Liz Heinecke: The Kitchen Pantry Scientist—Biology for Kids

Biology for Kids

Biology for Kids

THE KITCHEN PANTRY SCIENTIST:
BIOLOGY FOR KIDS

Liz Heinecke
Quarry Books, May 11, 2021, $19.99
Series: The Kitchen Pantry Scientist
ISBN-10: 1631598325; ISBN-13: 978-1631598326

Heinecke reports:

After several years of doing science with my three young kids and blogging about our experiments and adventures on my website Kitchen Pantry Scientist, I sent out dozens of pitch letters to agents and editors, hoping to write a book based on my website work. Facing a pile of rejection letters, I decided to focus on my website and television segments featuring kids’ science experiments.

In 2013, an editor at Quarry Books (Quarto) emailed me to ask whether I would be interested in writing a book for them. Lacking an agent, I hired a local consultant to negotiate my contract and went on to write two more books before finding representation through a pitch conference at the Loft Literary Center in Minneapolis. Always having someone knowledgeable negotiate book contracts is worth every penny.

Liz Heinecke, photo by Amber Procaccini

Liz Heinecke, photo by Amber Procaccini

I wrote several more books for Quarry. Two years ago, my acquiring editor asked me to write a series based on my Kitchen Pantry Scientist brand. Biology for Kids is the second book in this series. Chemistry for Kids came out last year, and I just finished writing Physics for Kids, which will be published in 2022.

Because I believe that science is best taught through storytelling and hands-on experience, I melded story with experimentation. Each book in the series contains biographies of 25 scientists, past to present, paired with projects related to their work. For example, after learning about Louie Pasteur in Biology for Kids, readers can recreate his seminal swan-neck flask experiment using jars, bendy straws, and apple juice.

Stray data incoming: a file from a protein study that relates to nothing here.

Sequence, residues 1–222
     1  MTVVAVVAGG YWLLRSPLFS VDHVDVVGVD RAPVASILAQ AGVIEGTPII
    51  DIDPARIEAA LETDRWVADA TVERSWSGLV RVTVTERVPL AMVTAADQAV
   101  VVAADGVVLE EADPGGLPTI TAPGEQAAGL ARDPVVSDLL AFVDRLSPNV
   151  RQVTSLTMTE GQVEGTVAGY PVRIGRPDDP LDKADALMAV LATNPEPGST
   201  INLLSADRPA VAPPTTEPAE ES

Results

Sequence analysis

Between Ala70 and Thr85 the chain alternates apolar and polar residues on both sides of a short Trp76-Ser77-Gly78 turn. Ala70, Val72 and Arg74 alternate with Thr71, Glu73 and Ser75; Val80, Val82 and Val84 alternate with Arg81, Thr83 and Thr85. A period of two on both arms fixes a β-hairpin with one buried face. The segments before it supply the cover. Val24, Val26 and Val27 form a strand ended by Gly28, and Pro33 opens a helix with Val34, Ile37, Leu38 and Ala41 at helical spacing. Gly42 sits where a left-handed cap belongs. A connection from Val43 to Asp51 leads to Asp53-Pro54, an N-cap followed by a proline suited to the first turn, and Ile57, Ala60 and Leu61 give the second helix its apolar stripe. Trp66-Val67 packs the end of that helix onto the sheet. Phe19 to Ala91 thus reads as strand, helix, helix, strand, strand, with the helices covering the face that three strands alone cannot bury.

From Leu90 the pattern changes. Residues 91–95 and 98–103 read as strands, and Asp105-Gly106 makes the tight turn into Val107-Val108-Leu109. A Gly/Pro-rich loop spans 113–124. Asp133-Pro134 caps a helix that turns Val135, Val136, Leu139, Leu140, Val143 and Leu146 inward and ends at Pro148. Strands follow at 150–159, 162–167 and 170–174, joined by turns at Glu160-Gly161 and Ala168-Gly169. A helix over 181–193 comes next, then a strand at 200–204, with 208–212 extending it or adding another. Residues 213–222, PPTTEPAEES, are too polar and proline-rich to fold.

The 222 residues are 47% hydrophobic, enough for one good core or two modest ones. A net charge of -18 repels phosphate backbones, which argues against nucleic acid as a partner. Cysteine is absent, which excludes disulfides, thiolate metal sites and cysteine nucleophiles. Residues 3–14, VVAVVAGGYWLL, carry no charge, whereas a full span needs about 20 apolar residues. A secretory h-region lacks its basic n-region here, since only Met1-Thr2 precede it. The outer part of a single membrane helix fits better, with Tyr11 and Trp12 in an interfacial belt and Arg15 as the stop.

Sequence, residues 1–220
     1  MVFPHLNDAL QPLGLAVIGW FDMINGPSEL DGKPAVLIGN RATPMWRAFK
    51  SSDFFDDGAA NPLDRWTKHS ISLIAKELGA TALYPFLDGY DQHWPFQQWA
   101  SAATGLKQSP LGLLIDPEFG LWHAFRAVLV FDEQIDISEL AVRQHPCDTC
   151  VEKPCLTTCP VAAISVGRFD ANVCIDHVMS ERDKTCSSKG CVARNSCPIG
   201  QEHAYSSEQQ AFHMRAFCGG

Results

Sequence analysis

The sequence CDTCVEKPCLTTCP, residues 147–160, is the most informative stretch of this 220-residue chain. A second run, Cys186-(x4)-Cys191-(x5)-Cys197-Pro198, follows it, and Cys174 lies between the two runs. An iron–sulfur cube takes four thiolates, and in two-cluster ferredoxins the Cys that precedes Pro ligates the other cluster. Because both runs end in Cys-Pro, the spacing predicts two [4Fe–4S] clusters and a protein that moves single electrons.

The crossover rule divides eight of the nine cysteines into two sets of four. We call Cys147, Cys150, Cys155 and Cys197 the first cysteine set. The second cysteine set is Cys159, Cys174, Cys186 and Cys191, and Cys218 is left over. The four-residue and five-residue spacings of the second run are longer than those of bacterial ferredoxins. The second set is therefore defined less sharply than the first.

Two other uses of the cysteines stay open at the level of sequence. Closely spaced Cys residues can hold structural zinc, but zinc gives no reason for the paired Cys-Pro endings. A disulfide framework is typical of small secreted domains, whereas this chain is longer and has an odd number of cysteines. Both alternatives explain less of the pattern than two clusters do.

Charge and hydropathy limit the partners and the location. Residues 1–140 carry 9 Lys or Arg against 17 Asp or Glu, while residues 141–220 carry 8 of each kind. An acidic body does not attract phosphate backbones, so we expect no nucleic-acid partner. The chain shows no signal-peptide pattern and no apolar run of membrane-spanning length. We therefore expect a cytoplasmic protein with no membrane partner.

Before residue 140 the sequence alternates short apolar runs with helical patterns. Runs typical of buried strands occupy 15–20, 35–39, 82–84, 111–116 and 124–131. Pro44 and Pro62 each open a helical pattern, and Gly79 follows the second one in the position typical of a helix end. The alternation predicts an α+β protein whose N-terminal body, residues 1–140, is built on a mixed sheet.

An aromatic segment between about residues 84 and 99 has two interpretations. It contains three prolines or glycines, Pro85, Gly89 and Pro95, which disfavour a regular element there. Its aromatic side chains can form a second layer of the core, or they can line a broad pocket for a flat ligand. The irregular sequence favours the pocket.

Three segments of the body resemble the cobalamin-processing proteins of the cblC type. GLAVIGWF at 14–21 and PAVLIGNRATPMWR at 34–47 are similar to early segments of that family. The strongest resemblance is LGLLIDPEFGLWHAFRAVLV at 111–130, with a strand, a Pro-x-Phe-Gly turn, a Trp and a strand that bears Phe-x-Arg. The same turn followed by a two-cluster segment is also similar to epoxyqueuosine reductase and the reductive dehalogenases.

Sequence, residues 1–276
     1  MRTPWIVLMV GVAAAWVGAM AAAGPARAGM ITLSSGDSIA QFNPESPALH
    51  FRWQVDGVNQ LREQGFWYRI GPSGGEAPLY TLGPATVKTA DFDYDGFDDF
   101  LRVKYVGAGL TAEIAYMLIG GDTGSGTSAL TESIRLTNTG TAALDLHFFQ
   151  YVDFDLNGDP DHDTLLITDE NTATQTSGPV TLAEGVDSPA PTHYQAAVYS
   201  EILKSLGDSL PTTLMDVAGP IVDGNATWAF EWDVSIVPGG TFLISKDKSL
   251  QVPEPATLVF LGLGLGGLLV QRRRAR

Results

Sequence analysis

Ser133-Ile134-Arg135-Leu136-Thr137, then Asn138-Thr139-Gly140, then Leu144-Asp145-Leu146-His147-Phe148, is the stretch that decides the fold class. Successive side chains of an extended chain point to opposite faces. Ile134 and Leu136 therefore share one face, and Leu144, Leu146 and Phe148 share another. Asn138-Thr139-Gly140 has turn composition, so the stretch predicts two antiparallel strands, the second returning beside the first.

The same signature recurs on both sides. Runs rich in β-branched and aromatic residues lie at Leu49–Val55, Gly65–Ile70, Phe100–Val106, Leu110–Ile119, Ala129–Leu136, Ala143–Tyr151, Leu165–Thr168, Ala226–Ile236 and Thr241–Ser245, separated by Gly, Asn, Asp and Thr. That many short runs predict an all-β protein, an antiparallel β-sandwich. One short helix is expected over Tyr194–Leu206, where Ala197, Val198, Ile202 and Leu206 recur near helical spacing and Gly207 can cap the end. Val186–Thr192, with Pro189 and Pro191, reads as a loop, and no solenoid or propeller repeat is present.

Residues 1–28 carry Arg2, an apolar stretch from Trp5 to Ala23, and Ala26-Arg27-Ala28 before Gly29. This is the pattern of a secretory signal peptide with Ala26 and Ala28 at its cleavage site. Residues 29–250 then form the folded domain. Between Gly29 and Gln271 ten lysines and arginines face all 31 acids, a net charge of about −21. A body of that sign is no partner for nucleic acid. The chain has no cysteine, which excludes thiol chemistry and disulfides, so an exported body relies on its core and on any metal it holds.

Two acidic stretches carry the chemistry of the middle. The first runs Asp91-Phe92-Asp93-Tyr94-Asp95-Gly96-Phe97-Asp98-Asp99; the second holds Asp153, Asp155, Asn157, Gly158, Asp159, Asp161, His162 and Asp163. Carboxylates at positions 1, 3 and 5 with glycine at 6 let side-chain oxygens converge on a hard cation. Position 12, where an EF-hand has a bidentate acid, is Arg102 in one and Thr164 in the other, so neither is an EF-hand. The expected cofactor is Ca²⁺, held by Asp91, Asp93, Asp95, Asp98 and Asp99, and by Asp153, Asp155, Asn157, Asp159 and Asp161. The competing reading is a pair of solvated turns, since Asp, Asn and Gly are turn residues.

Photo shoots for the books are chaotic and fun. Amber Procaccini’s photographs of smiling kids doing experiments, along with portraits of scientists by artist Kelly Anne Dalton, bring my words to life. Quarto’s design team lays out the pages beautifully.

The best part of writing the Kitchen Pantry Scientist Series has been the opportunity to feature inspiring modern scientists, who have been kind enough to work with me on their biographies. The hardest thing has been writing so many books so quickly. It is a nice problem to have.

Contact info:

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May. 10, 2021

Advance Copy

For this column, NASW book editor Lynne Lamberg asks NASW authors to tell how they came up with the idea for their book, developed a proposal, found an agent and publisher, funded and conducted research, and put the book together. She also asks what they wish they had known before they began working on their book, what they might do differently the next time, and what tips they can offer aspiring authors. She then edits the A part of that Q&A to produce the author reports you see here.

NASW members: Will your book be published soon? Visit www.nasw.org/advance-copy-submission-guidelines to submit your report.

Publication of NASW members' reports in Advance Copy does not constitute NASW's endorsement of their books. NASW welcomes your comments and hopes this column stimulates productive discussions.

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